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Democrat Photo by Jeanne Sager

JEFFERSONVILLE RESIDENT CLIFF Ballagh prepares to take off on his summer sled, a contraption he put together in his shed to ride the hills during the warmer months of the year.

Sledding Enthusiast
Is Also an Inventor

By Jeanne Sager
JEFFERSONVILLE — August 13, 2002 – Cliff Ballagh knows what it’s like to have the wind whipping through your hair at 65 miles an hour.
At 86, the Jeffersonville resident is known to slip onto his summer sled, a contraption of his own making, and fly down Shandelee hill, his pants whipping in the breeze.
After 40 years of riding the hills of Sullivan County on top of a plywood board with wheels affixed to the bottom and cushy foam rubber on top, Ballagh said he hasn’t even scratched a finger. And he thinks you should try it.
Ballagh developed his own sport 40 years ago. His grandson, who lived in San Francisco, Calif., didn’t have any snow to romp around in during the winter months. But Ballagh didn’t think climate should be any reason to miss out on one of the joys of childhood.
So he went out behind his house and began tinkering in the shed. A garden tractor salesman, Ballagh had all sorts of pieces and parts lying around and plenty of ideas running through his head.
What he eventually developed was what he calls the “skydiver,” a long board with wheels that you can ride down the hills in the warmer climes to get the thrill of downhill flying.
“It’s like a Flexible Flyer on wheels,” he explained.
He wanted to market the idea to the public, but with little interest in the sport at the time, it was hard to find a company willing to market the invention.
Ballagh was loathe to undertake the process himself, he said, because he was afraid of insurance concerns.
“It’s like the people who fall off a horse and sue the stables instead of suing themselves for falling,” he noted. “If someone hurt themselves, they might try to sue me.”
Not that his machine is dangerous, mind you. The structure is so low to the ground that it’s virtually impossible to tip over, he said, even when making sharp turns on a road where a motor vehicle would be sure to flip.
His newest contraption was made with an Ingersoll-Rand golf cart rear axle and brakes, 3/4-inch plywood, and the padding used at a loading dock to protect the building from a truck’s back end. There are “real automotive brakes for stopping,” he said, and a big red flag snitched from an ATV to make sure cars will notice his lithe frame coasting by on the hills.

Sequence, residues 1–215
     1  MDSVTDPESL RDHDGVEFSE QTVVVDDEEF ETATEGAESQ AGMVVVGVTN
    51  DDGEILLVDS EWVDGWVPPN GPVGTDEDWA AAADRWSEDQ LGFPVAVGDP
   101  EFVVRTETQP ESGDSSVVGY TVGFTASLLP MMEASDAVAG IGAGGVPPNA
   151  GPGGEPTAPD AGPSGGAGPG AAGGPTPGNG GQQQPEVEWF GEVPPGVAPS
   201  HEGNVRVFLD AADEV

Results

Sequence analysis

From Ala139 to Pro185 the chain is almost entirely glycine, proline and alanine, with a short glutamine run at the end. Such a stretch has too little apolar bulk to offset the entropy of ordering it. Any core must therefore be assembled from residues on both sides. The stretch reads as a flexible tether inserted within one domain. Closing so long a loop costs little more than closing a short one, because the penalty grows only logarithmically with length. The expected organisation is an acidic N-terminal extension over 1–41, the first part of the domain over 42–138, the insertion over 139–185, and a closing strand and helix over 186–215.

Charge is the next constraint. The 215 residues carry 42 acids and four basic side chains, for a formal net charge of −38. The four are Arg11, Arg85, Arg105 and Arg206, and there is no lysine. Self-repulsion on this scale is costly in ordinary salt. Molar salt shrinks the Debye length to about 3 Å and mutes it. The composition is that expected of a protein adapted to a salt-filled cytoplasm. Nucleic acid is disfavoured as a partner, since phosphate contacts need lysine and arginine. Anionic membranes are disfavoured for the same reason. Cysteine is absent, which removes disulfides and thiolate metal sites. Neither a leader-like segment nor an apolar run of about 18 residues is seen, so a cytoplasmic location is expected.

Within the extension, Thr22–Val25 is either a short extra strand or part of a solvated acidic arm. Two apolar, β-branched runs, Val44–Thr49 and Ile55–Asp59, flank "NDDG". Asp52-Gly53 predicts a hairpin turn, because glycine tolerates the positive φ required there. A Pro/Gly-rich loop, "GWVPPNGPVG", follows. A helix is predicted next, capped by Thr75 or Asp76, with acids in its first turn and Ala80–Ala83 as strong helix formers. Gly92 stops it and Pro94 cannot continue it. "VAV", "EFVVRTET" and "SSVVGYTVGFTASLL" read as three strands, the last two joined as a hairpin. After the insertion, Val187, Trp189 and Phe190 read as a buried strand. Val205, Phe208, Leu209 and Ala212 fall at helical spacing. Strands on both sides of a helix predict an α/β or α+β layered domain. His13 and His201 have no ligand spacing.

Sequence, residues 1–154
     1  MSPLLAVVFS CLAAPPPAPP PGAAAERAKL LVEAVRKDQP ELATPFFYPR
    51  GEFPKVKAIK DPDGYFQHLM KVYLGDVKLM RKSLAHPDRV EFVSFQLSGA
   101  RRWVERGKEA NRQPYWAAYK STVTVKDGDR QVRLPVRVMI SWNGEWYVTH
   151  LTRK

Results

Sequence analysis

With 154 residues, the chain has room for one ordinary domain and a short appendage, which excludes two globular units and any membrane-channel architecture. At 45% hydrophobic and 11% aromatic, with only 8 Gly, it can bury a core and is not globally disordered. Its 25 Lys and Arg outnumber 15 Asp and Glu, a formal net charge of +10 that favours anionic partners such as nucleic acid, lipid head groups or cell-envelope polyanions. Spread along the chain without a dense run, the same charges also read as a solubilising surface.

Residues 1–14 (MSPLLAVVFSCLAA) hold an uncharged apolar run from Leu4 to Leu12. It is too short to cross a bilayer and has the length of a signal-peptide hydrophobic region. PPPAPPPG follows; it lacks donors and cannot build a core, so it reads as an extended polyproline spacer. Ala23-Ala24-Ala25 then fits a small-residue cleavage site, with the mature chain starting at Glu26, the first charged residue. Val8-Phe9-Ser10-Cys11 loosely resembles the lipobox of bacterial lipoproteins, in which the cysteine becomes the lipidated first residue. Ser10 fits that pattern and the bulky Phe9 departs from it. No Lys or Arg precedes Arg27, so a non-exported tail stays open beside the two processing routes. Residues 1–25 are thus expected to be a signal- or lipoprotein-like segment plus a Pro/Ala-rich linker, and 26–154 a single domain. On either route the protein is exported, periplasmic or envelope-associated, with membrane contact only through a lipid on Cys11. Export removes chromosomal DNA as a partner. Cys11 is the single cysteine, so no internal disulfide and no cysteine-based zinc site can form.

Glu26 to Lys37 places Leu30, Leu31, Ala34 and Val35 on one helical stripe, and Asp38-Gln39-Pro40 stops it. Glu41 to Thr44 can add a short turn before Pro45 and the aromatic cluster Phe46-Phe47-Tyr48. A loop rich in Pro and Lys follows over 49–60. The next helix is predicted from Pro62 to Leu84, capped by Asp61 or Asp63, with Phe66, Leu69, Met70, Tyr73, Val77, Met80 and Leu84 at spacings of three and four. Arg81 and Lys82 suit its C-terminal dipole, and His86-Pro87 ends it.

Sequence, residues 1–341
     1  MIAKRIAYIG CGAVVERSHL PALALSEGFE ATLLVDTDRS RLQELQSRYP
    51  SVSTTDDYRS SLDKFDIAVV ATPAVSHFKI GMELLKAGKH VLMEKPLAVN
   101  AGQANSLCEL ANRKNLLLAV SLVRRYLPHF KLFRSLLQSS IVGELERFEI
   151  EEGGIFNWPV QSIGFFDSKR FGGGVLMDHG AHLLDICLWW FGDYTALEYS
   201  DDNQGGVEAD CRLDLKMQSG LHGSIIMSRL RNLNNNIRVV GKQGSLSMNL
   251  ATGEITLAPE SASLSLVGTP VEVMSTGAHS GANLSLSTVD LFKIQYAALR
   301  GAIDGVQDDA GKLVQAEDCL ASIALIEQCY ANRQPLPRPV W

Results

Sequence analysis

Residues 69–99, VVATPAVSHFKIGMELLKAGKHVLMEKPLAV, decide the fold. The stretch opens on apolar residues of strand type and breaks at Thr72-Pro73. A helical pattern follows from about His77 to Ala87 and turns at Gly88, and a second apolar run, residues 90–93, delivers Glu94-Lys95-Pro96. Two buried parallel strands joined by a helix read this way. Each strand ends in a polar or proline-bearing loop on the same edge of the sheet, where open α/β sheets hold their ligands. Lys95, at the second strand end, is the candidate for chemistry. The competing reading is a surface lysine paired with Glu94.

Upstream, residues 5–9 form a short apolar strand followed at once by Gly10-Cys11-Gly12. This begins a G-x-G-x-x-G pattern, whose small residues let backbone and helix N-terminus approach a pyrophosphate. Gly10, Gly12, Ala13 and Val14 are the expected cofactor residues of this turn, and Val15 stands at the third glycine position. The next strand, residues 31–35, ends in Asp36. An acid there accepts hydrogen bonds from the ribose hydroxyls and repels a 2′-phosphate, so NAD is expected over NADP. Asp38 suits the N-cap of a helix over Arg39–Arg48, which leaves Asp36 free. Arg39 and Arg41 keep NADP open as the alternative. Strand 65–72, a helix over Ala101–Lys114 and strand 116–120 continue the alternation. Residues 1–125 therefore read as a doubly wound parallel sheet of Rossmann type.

There’s a piece of Plexiglas at the front, “not so much for the wind,” Ballagh continued, “but for the bugs.”
And there’s a mirror off to the side to check out the traffic behind the skydiver.
Since skeleton hit the Olympics earlier this year and riding downhill on a small board has become all the rage, Ballagh’s attempts to market the project have resurfaced.
He’s been in contact with Jimmy Shea, the Olympic gold medalist in the event, and the athlete passed him along to Don Hass, the man who makes the instruments for the Olympians.
Ballagh has plans to go see Hass in Lake Placid sometime soon, and he hopes that he can get the project off the ground. With Hass’ connections, Ballagh hopes to contact a company that will mass produce the skydiver and place it on store shelves.
“I hope it will get into production now with a company to take care of the insurance coverage,” he said. “That’s the only thing standing in the way – if word gets out, this thing is going to come to fruition.”
Ballagh is sure the contraption will fly off shelves. He and his grandson, Cliff Bambach, love coasting down Shandelee hill or riding over the bumps on Miller Road in front of his Jeffersonville home.
Ballagh even has rigged up ways to teach beginners how to ride – they lie down on the invention and get pulled uphill by a truck first to get used to the idea. Then he lets them loose on a beginners’ hill, he said, like Villa Roma Road.
He’s even checked with the Department of Motor Vehicles in several states to make sure he doesn’t need a special license to ride the roads. But, because there’s no motor on the 120-pound machine, he’s been told it’s an all-age vehicle.
Ballagh would love to get the word out about his machine and take people for rides.
For more information, call him at 482-6061.

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